Stories about Media & Journalism from August, 2018
In July 2018, Chinese state internet regulators received 6.7 million reports of illegal and false information.
In Mozambique, new licensing fees have raised the cost of doing journalism — and may threaten media freedom
The fees were described by Mozambican online newspaper @Verdade as "astronomical".
"The extent to which violence is escalating in this country is worrying and we should all be concerned. We need to reflect on these matters and find a way forward."
The #FreeKhayrullo campaign did its job and the government backed down. Now fearless Mirsaidov says he will appeal the conviction.
"The ethnic violence in Myanmar is horrific and we have been too slow to prevent misinformation and hate on Facebook."
"Kerala is striving together...to overcome the catastrophic flood. However...some are trying to malign this great effort with misinformation in the form of fake messages on social media."
"The spirit of unity, willpower, compassion, and dedication of thousands of volunteers belonging to state and non-state agencies in Kerala are indescribable."
The government has blamed social media users and activists for trying to create unrest by sharing provocative posts and content on Facebook.
Bangladeshi students go quiet as police pursue online accounts, Brazil gets a new data protection law and Facebook is still floundering in Myanmar.
Run by young reporters from the 130-year-old Colombian newspaper El Espectador, La Pulla combines hard analyzes with a raw sense of humor to delve into complex topics.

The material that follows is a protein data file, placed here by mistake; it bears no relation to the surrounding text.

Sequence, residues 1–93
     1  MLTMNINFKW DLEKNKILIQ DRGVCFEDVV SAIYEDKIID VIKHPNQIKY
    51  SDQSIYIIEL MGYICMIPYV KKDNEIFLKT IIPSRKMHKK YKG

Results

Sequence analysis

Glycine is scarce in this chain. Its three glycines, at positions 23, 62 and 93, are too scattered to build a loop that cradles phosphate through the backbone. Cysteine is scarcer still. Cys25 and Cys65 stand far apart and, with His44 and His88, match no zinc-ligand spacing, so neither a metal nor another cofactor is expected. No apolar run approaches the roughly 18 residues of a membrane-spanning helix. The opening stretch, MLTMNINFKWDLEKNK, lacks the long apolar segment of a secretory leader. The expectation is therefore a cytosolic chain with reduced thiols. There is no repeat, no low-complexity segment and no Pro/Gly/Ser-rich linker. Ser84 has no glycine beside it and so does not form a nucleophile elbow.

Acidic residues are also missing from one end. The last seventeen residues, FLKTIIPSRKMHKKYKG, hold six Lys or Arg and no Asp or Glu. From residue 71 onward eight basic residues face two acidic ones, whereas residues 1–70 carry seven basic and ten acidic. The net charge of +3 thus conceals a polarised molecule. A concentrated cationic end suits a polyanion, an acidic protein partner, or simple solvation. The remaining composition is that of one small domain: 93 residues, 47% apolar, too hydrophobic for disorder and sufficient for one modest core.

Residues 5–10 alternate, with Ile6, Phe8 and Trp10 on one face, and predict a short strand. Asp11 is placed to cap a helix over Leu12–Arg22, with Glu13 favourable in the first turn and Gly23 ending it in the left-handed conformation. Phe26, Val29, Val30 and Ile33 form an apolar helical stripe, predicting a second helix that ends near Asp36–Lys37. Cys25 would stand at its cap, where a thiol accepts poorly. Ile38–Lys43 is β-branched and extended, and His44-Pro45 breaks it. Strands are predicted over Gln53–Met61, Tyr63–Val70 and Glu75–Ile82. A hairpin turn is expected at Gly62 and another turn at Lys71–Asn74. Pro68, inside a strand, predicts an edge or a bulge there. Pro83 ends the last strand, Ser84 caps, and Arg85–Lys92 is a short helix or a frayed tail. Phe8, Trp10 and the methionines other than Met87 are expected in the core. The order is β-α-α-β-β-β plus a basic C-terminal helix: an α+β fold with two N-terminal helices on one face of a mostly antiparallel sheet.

A bold and popular journalist is appealing a 12 year-sentence he received after speaking out against official corruption.
"A donkey beaten to pulp, punched in the face and abdomen several times, nose broken, kicked all over his body until he collapsed."
“You cannot bring us up with a mentality of freedom and then try to oppress us.”
The Hong Kong Foreign Correspondents' Club is under fire for organizing a talk by independence activist Andy Chan.
Repressive laws and cumbersome bureaucracy are putting hundreds of Russians behind bars for sharing memes online.
Venezuela goes after journalists' cameras after drone attack, Iran re-routes Telegram (to government servers) and Google tries to go back to China.
"We hope to see a genuine departure from the old oppression, and a transition into a Malaysia where all ideas can be discussed peacefully and our constitutional rights exercised maturely."
While Marques had been brought to court on previous occasions, this was the first time he was formally acquited.
In a new move aimed at tightening the state-imposed ban on the Telegram messaging app, the Telecommunications Company of Iran (TCI) temporarily rerouted Telegram app traffic in violation of domestic law in July 2018.
"...there were people with machetes in their hands chasing unarmed students. And the police are standing by watching it happen."